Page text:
A friends from Minneapolis gave us the name of her former parish priest, Father George, who left his pulpit in Minnesota to work with the Missionaries of Charity in Nairobi, a worldwide organization established by the Nobel Peace Prize winner Mother Teresa. Its volunteers, both lay and clergy, are committed to helping the neediest members of society—lepers, AIDS sufferers, street children, the homeless. Following our arrival we contacted Father George, who invited us to join him as he made his rounds of Kibera, a place unimaginable to anyone who has not traveled outside the first world.
Kibera is the largest slum in Nairobi. It covers only one square mile but is home to one million people, a population density ten times greater than Mumbai, the most densely populated city in the world. Dilapidated dwellings rise atop mounds of rotting garbage and human waste, and due to the absence of sewers and drains these deteriorated residences routinely flood during the rainy season and must be rebuilt every year. Although Kibera is geographically within the city of Nairobi, it is not really part of it as the police routinely refuse to enter, and it has no access to basic city services such as water, sanitation, and electricity.
We spent the day in Kibera with Father George, distributing food and medical supplies, participating in last rites for the dying, drinking tea, and talking with residents. It was a disturbing but highly enlightening experience. The dominant emotions in Kibera are not anger and despair but determination and persistence. Residents go to Herculean efforts—for example, walking two hours each way to menial jobs in the central city—to improve their lot and provide for their children. Hearing their stories made me embarrassed by my initial reaction to our apartment with its lumpy mattresses and bare light bulbs. It also made my wife and me mindful of why these working vacations were becoming such an important part of our lives.
One word of caution, though. Our visit was by invitation of someone living and working in Kibera. He wanted us to experience living conditions in the slums, bring that knowledge back to the United States, and share it with students and faculty at my school, which I did. At the time of our visit my wife and I were among only a handful of Western visitors to spend any time in those squalid streets. The situation today is completely different because of a new form of niche travel called poverty tourism available from agencies, large and small, around the world. These companies provide comfortable, safe, and fully narrated bus tours of not only Kibera but the slums of Calcutta, townships of South Africa, shantytowns of Mexico City, and favelas of Rio de Janeiro. In the last few years slum visits have become a fashionable form of day tripping, as world-weary travelers grow bored with the standard sightseeing menu of museums, beaches, and shopping.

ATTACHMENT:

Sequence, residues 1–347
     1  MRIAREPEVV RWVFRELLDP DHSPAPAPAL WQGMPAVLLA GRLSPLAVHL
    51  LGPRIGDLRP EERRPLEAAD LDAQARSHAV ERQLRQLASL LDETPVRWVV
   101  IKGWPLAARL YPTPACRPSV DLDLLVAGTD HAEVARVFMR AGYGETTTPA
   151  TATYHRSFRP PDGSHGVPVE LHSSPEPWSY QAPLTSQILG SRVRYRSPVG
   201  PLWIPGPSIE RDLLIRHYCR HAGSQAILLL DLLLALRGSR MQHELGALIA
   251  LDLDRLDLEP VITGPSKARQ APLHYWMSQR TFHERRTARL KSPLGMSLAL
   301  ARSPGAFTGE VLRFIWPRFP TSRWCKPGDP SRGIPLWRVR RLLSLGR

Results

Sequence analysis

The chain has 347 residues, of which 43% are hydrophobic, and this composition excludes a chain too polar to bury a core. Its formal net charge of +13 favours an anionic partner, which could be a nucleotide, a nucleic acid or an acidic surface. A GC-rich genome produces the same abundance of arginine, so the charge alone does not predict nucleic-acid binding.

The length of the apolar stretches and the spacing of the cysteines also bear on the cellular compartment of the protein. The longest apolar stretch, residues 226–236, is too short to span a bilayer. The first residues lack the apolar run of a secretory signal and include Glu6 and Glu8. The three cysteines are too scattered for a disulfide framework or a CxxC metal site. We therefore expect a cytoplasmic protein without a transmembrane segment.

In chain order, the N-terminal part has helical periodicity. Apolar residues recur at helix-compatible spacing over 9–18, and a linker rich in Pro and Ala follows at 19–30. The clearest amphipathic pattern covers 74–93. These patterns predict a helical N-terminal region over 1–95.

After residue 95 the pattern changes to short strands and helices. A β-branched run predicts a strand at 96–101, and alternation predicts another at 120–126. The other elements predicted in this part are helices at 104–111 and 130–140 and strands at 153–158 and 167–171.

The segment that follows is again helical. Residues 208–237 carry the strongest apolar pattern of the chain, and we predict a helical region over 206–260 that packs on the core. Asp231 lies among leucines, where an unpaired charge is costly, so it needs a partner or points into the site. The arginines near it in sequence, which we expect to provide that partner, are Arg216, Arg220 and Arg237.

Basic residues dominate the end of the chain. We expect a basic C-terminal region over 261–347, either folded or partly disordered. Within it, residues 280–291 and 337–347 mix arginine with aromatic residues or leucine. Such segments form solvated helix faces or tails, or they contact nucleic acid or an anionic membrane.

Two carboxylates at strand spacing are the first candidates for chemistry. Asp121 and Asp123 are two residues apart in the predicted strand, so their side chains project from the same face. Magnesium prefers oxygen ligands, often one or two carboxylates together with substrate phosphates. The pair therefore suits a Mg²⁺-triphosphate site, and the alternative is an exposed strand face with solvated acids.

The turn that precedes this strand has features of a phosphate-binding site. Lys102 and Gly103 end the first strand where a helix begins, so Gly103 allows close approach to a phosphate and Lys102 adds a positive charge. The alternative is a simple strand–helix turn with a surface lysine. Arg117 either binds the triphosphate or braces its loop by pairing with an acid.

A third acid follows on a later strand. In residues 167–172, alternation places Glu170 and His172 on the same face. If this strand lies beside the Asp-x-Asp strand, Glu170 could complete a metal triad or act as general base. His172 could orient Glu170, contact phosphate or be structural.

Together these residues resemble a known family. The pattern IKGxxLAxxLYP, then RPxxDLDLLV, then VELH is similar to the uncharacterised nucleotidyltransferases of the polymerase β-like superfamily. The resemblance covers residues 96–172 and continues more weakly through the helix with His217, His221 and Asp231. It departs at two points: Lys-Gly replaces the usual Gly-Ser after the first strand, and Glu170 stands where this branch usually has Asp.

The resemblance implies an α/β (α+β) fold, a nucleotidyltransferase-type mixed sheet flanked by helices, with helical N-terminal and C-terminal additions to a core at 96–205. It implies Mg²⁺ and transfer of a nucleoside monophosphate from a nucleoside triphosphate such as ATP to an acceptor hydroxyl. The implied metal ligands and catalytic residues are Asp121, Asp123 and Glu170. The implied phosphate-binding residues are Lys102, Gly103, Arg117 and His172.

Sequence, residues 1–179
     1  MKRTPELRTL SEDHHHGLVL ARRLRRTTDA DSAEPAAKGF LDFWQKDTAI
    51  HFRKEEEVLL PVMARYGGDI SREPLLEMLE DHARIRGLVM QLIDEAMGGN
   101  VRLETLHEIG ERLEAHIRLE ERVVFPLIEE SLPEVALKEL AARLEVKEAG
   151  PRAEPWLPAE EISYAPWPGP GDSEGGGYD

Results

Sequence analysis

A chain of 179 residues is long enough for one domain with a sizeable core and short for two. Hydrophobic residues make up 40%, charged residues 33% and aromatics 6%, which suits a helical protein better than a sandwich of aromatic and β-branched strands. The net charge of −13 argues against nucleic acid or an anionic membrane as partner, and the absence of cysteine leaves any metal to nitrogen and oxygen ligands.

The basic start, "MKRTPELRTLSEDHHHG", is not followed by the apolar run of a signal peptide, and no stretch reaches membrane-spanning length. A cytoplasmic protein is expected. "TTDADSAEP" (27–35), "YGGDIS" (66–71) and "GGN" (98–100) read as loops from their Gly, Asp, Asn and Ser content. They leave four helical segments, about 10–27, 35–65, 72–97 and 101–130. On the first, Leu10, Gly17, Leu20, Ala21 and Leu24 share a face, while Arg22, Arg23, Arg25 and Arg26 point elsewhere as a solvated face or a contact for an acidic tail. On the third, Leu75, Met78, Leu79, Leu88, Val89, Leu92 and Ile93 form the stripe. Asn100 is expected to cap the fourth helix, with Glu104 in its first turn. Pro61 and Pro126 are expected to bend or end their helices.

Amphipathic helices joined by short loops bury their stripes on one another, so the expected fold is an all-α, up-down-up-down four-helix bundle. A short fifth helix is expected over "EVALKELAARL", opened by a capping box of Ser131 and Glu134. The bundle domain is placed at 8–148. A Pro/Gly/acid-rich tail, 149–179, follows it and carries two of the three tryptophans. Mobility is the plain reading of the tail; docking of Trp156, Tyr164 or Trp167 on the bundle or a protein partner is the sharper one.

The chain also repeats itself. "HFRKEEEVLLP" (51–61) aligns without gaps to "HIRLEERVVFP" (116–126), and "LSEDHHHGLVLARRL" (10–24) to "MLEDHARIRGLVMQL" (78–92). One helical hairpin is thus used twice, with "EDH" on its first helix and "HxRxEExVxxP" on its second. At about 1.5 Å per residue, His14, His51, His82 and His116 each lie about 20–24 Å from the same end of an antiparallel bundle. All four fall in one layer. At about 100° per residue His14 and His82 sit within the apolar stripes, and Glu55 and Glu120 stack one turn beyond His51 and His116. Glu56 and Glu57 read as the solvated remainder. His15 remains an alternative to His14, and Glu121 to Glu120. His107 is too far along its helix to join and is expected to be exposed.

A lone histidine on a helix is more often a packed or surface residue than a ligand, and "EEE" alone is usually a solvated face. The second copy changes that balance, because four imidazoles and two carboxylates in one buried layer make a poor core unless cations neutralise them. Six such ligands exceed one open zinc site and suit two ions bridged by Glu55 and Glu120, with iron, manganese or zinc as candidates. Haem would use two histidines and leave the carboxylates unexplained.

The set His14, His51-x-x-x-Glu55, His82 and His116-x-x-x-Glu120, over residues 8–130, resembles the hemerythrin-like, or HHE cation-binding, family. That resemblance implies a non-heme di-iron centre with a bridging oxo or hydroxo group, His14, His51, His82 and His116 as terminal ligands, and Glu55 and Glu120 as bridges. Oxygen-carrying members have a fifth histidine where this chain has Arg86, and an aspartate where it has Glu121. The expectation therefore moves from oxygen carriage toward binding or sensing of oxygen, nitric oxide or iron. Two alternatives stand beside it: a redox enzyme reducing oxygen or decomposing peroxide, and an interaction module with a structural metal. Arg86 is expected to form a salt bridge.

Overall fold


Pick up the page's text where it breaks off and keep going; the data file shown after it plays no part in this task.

Proponents of these tours cite the educational experience of learning about conditions in the slums. They argue they are providing desperately needed jobs for bus drivers and tour guides as well as creating valuable opportunities for residents to sell locally made handicrafts. They also believe the embarrassment of tourists witnessing horrific living conditions just a few miles from their own luxury accommodations will pressure local politicians to clean up these neighborhoods. Opponents argue this is simply a way for unscrupulous travel agents to make money off the humiliation and desperation of others, and there is precious little education to be gained snapping photos of shantytowns from a bus window. A recent editorial in the Daily Nation, Kenya’s largest newspaper, castigated movie stars, well-heeled businessmen, and other dignitaries for their current fascination with slums like Kibera, perhaps fueled by the popularity of the 2005 movie The Constant Gardener in which it played a starring role.
It is quite possible that a working vacation will take you and your family to impoverished or developing nations, much like our trip to Kenya as well as later visits to Nepal, Borneo, and Mongolia. Poverty tourism is a moral issue you will need to think about and resolve in your mind as you mull over proffered visits to urban slums, charity hospitals, leper colonies, and other places of poverty, pain, and despair. Of course there is no universal answer to this dilemma, and you will need to decide each case individually based on the goals of the visit, the benefits it brings to residents, and whether you and your family will learn and grow from this intensely emotional experience.